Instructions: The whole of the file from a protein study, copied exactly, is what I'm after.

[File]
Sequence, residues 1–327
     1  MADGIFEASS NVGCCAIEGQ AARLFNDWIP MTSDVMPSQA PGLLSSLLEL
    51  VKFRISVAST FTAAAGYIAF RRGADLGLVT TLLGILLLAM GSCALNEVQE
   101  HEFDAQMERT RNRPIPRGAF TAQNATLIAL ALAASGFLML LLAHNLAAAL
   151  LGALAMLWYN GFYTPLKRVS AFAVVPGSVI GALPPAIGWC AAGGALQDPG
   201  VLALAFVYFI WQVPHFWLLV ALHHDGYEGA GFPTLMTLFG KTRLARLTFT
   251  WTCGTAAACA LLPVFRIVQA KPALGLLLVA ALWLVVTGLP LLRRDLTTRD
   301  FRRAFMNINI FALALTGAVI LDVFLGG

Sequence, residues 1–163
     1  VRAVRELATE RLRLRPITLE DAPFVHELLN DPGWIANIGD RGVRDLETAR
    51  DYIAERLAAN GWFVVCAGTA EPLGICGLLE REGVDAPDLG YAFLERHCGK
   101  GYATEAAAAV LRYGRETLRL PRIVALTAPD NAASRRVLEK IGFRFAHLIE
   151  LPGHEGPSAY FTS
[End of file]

Sequence, residues 1–327
     1  MADGIFEASS NVGCCAIEGQ AARLFNDWIP MTSDVMPSQA PGLLSSLLEL
    51  VKFRISVAST FTAAAGYIAF RRGADLGLVT TLLGILLLAM GSCALNEVQE
   101  HEFDAQMERT RNRPIPRGAF TAQNATLIAL ALAASGFLML LLAHNLAAAL
   151  LGALAMLWYN GFYTPLKRVS AFAVVPGSVI GALPPAIGWC AAGGALQDPG
   201  VLALAFVYFI WQVPHFWLLV ALHHDGYEGA GFPTLMTLFG KTRLARLTFT
   251  WTCGTAAACA LLPVFRIVQA KPALGLLLVA ALWLVVTGLP LLRRDLTTRD
   301  FRRAFMNINI FALALTGAVI LDVFLGG

Sequence, residues 1–163
     1  VRAVRELATE RLRLRPITLE DAPFVHELLN DPGWIANIGD RGVRDLETAR
    51  DYIAERLAAN GWFVVCAGTA EPLGICGLLE REGVDAPDLG YAFLERHCGK
   101  GYATEAAAAV LRYGRETLRL PRIVALTAPD NAASRRVLEK IGFRFAHLIE
   151  LPGHEGPSAY FTS